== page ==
Tag: disability

Samantha Schroth Samantha Schroth (1 Posts)

Contributing Writer

Northwestern University Feinberg School of Medicine


Samantha is a third year MD PhD student at Northwestern University Feinberg School of Medicine in Chicago, IL. In 2013, she graduated from the University of Minnesota-Twin Cities with a Bachelor of Science in animal science. She enjoys reading, racing marathons, and drinking coffee in her free time. After graduating medical school, Samantha would like to pursue a career in Internal Medicine.




Pattern Recognition

Although I’ve spent only a mere two and a half years as a student in this world of medical education, it’s readily apparent that I fit into very few of the “typical medical student” patterns. I’m part of a small cohort of dual degree students. I’m nontraditional, having never considered becoming a physician until after I graduated from college in 2013. And I am a disabled woman.

Abnormal is the New Normal

Given that we are in a profession that aims to prevent harm, treat ailments and promote healthy living, the concept of an ideal body seems to be embedded in our work. The problem with the idea of normalcy, however, is that it is an ill-defined and very subjective idea that varies among each individual.

Disability and Medicine: We Can All Do Better

Imagine you are a 45-year-old female patient with a significant physical disability that requires the use of a wheelchair for mobility. Thankfully, you have Medicaid insurance, but it is difficult to find primary care providers who will accept it. The paratransit service that you rely on to get to your medical appointments is wildly inconsistent, often forcing you to cancel. When you do make it to your doctor’s office, you are not able to be …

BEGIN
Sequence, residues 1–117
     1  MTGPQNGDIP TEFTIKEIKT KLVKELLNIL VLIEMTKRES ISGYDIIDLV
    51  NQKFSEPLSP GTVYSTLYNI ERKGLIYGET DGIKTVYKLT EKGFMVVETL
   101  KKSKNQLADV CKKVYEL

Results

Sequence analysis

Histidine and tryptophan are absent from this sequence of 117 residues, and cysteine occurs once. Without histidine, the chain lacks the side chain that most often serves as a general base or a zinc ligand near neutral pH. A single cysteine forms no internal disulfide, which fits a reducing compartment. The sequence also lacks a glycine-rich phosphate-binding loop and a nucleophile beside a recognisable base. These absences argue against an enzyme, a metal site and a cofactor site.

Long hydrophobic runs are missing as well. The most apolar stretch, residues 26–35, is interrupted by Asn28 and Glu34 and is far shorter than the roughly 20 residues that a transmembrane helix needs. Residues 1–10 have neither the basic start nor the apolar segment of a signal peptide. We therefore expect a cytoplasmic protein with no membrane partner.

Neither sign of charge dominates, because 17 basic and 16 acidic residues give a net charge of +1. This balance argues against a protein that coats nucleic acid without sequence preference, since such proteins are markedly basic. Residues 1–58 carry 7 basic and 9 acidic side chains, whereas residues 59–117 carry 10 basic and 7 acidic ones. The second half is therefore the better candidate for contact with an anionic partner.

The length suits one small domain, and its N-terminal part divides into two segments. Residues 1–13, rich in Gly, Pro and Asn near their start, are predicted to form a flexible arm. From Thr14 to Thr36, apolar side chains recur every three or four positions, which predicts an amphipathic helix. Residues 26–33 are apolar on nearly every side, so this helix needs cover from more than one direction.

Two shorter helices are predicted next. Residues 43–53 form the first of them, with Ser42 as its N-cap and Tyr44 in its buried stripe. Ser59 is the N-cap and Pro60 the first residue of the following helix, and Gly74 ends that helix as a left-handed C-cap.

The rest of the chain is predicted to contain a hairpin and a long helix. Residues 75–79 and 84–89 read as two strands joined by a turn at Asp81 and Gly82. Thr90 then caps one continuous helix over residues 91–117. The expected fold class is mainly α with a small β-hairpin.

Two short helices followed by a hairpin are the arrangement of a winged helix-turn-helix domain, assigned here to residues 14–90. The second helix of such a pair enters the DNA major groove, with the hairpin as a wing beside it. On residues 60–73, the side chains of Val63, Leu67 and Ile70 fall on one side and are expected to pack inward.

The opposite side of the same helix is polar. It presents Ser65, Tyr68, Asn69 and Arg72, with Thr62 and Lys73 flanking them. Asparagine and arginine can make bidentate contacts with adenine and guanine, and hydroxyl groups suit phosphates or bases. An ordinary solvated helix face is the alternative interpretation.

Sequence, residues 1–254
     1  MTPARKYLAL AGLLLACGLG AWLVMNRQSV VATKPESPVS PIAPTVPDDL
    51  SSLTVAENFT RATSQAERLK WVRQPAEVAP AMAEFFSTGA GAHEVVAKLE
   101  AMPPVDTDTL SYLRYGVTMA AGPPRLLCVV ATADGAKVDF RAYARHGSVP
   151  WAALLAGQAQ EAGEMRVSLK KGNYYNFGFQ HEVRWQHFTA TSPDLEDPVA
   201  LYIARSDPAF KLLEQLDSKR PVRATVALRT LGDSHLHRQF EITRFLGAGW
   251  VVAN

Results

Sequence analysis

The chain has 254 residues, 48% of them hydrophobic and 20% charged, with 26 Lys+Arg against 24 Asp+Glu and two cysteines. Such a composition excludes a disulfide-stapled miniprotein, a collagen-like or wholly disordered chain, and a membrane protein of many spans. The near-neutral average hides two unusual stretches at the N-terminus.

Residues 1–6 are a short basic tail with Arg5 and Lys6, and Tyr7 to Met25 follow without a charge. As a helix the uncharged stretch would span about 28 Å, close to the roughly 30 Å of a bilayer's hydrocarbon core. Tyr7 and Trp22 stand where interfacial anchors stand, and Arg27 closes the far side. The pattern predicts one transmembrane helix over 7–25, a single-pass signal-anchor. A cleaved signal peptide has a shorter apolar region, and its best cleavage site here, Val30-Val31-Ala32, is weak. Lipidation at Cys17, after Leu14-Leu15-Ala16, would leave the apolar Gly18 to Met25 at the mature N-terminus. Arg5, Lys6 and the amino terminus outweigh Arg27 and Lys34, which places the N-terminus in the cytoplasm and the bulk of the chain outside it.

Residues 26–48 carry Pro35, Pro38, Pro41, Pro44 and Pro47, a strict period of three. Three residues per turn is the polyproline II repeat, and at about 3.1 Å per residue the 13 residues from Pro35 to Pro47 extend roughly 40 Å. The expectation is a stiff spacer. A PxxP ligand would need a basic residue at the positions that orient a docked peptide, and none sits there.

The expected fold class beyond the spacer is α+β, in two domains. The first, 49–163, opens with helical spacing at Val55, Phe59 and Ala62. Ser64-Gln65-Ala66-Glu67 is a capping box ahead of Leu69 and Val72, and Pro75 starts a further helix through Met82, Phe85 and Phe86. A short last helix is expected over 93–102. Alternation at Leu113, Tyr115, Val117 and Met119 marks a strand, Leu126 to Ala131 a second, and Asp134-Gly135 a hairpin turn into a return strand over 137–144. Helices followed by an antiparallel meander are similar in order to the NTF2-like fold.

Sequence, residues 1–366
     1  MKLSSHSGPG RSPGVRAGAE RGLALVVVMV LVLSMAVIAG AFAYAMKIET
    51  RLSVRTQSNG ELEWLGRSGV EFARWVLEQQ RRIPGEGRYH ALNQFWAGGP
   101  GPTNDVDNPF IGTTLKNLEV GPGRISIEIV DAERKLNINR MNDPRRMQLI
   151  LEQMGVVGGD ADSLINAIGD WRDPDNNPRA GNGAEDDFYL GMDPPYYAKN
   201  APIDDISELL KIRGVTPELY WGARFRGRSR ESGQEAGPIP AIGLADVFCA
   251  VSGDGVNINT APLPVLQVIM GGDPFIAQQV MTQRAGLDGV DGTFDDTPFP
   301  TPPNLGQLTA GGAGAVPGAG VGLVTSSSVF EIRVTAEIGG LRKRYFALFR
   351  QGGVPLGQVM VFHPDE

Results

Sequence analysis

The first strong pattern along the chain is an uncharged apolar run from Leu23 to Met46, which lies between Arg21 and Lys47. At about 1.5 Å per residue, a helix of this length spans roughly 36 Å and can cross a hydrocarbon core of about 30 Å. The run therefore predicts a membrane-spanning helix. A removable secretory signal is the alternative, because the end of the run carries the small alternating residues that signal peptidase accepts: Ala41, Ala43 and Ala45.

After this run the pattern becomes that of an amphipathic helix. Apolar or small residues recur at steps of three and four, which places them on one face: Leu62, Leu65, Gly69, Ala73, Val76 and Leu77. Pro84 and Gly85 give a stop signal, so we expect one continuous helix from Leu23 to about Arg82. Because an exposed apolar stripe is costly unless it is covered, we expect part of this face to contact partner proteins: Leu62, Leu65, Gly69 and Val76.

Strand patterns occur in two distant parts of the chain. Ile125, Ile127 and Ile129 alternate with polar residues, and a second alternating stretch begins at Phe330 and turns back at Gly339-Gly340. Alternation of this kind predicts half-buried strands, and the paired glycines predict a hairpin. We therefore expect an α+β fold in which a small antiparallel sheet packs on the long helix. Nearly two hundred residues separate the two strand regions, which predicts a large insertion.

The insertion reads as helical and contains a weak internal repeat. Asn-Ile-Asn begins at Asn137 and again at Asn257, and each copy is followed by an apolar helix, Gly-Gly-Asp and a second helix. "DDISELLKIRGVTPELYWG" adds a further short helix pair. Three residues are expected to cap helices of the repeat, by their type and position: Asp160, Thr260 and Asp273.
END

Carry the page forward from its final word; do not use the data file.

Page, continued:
Defining Disability: A Personal Story

Rebecca Garden, in her article “Disability and narrative: new directions for medicine and the medical humanities” wrote that “rather than coping with or overcoming their impairment, many disabled people see their impairments as integral to their lives.” This message regarding new directions in medicine for working with people with disabilities may sometimes be overlooked despite its importance. I would like to share a personal story that illustrates this point. I’ve been short all my life–but not short enough …

Mae Huo (1 Posts)

Contributing Writer Emeritus

Albany Medical College


Mae Huo completed her undergraduate education at University of California, Berkeley majoring in neurobiology and minoring in dance performances. She then spent a year and a half working at Children's Hospital in Oakland in Infection Control and Patient Safety. Her next position as a consultant at STAT Revenue was cut short after only a few months due to her acceptance to Albany Medical College as a part of the Class of 2016.